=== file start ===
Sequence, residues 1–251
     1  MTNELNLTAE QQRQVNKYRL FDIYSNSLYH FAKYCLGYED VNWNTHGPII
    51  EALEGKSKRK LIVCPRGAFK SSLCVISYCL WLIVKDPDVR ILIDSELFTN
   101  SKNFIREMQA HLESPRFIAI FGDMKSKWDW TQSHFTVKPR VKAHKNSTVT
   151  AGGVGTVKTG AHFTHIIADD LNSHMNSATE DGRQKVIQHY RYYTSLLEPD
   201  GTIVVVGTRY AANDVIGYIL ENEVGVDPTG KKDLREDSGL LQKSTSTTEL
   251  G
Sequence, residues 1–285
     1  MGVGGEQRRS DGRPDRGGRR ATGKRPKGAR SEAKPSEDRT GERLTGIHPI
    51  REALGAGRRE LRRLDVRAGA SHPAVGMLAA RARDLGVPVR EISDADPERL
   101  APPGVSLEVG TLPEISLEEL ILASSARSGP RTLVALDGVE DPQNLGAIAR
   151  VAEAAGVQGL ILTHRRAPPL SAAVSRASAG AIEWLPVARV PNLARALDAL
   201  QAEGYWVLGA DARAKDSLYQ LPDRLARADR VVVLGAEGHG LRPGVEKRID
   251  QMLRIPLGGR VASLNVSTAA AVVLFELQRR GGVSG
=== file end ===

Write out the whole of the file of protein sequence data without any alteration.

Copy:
Sequence, residues 1–251
     1  MTNELNLTAE QQRQVNKYRL FDIYSNSLYH FAKYCLGYED VNWNTHGPII
    51  EALEGKSKRK LIVCPRGAFK SSLCVISYCL WLIVKDPDVR ILIDSELFTN
   101  SKNFIREMQA HLESPRFIAI FGDMKSKWDW TQSHFTVKPR VKAHKNSTVT
   151  AGGVGTVKTG AHFTHIIADD LNSHMNSATE DGRQKVIQHY RYYTSLLEPD
   201  GTIVVVGTRY AANDVIGYIL ENEVGVDPTG KKDLREDSGL LQKSTSTTEL
   251  G
Sequence, residues 1–285
     1  MGVGGEQRRS DGRPDRGGRR ATGKRPKGAR SEAKPSEDRT GERLTGIHPI
    51  REALGAGRRE LRRLDVRAGA SHPAVGMLAA RARDLGVPVR EISDADPERL
   101  APPGVSLEVG TLPEISLEEL ILASSARSGP RTLVALDGVE DPQNLGAIAR
   151  VAEAAGVQGL ILTHRRAPPL SAAVSRASAG AIEWLPVARV PNLARALDAL
   201  QAEGYWVLGA DARAKDSLYQ LPDRLARADR VVVLGAEGHG LRPGVEKRID
   251  QMLRIPLGGR VASLNVSTAA AVVLFELQRR GGVSG